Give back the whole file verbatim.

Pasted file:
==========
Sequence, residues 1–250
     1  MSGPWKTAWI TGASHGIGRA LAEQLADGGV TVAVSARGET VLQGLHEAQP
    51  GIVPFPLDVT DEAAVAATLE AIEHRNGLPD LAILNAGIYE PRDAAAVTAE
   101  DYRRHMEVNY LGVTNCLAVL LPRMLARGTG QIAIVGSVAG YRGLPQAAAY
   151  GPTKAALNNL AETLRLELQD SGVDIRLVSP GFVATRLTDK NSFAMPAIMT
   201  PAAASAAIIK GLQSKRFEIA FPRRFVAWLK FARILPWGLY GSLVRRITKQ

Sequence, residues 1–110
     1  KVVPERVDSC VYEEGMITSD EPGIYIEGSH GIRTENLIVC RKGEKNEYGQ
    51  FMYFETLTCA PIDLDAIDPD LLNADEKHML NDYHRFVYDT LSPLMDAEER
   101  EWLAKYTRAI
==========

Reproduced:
Sequence, residues 1–250
     1  MSGPWKTAWI TGASHGIGRA LAEQLADGGV TVAVSARGET VLQGLHEAQP
    51  GIVPFPLDVT DEAAVAATLE AIEHRNGLPD LAILNAGIYE PRDAAAVTAE
   101  DYRRHMEVNY LGVTNCLAVL LPRMLARGTG QIAIVGSVAG YRGLPQAAAY
   151  GPTKAALNNL AETLRLELQD SGVDIRLVSP GFVATRLTDK NSFAMPAIMT
   201  PAAASAAIIK GLQSKRFEIA FPRRFVAWLK FARILPWGLY GSLVRRITKQ

Sequence, residues 1–110
     1  KVVPERVDSC VYEEGMITSD EPGIYIEGSH GIRTENLIVC RKGEKNEYGQ
    51  FMYFETLTCA PIDLDAIDPD LLNADEKHML NDYHRFVYDT LSPLMDAEER
   101  EWLAKYTRAI